Michael’s Cancer Journey(s)

Bladder cancer is an insidious disease and has a high rate of recurrence.  Michael Morigi of Staten Island, NY, has had bladder cancer.  And prostate cancer.  Bladder cancer was his first bout with the “Big C.”

In 2009, Michael was feeling off.  He described it as a strange, “itchy” feeling in his stomach.  He would continually scratch his stomach but the sensation would not go away.  During a routine physical, his doctor told him that they had found blood in his urine, microscopic hematuria, which is not visible to the naked eye.

Bladder cancer patient Michael Morigi
Bladder cancer patient Michael Morigi

Michael’s bladder cancer diagnosis

After some initial tests, the doctors told Michael that he was fine, but in about six months, the itchy feeling returned and he went to see a trusted nurse practitioner, Evelyn Goldstein.  After some careful examination and a couple of tests, Evelyn told him “you have a problem with your bladder.”  She recommended that he see a urologist and he went to see Dr. Louis Faiella, Director of Urologic Oncology in the Department of Urology at Winthrop University Hospital in New York.

Dr. Faiella ordered some further tests for Michael.  Then came the day to get the results.  On a date that is etched in the memories of many bladder cancer patients, Michael remembers the exact day that he got his diagnosis.  It was December 31, 2009.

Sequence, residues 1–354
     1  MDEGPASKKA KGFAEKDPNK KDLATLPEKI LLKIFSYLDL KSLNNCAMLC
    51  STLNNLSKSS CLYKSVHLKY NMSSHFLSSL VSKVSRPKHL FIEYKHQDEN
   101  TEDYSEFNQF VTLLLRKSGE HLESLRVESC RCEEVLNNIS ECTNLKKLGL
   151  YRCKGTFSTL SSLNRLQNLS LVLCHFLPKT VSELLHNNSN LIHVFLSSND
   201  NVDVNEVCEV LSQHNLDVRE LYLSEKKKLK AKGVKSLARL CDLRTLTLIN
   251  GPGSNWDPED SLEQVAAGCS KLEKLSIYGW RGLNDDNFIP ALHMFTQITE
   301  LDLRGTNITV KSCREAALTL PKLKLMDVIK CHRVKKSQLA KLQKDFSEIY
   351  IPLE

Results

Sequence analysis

His doctor looked at him and said, “You have bladder cancer.”  He further explained that it was muscle-invasive.  Michael told BCAN “I couldn’t hear. I really could not hear at one point. I saw his mouth moving, but all I kept thinking about was, ‘I have three kids. I have a wife and three jobs. Who’s going to carry the ball?’”

Dr. Faiella asked him, “Do you understand what I am saying?” but all he was thinking of was his family.

Michael told BCAN, “When someone says, ‘you have cancer,’ those are the worst words you hear in your life.  I call it the ‘empty drum syndrome.’  My stomach felt hollow, like someone was banging on an empty drum.”


Michael’s bladder cancer was non-muscle invasive, so the next step in the process was a TURBT, a transurethral resection of a bladder tumor.  Michael was concerned about the possibility of losing his bladder, but when he woke up from the procedure, the doctors let him know that his cancer was not muscle-invasive and that his bladder would be spared.

The doctors also told him that they did not think that they able to remove all the cancer and that he was to undergo BCG treatments.  Soon after, he began the BCG regimen and went through six rounds.

Because of his prognosis and the fact that cancer had reappeared in his bladder only to be removed, Michael was under close medical supervision.   Between 2010 and 2016, Michael had routine cystoscopies every three months.

More bad news

In the summer of 2016, he was diagnosed with prostate and metastatic urothelial cancer of the renal pelvis.

Michael with his graqndchildren
Michael with his grandchildren

Since prostate cancer progresses slowly, his doctors had opted for watchful waiting and would monitor his condition carefully.  As for the urothelial cancer of the renal pelvis, Michael told BCAN “I said, okay. Again, this would be the third time they’re telling me cancer, cancer, cancer. It’s not that I wasn’t scared, but I had been through this.  I was handling it better.  Then they told me that they wanted to remove both of my kidneys.”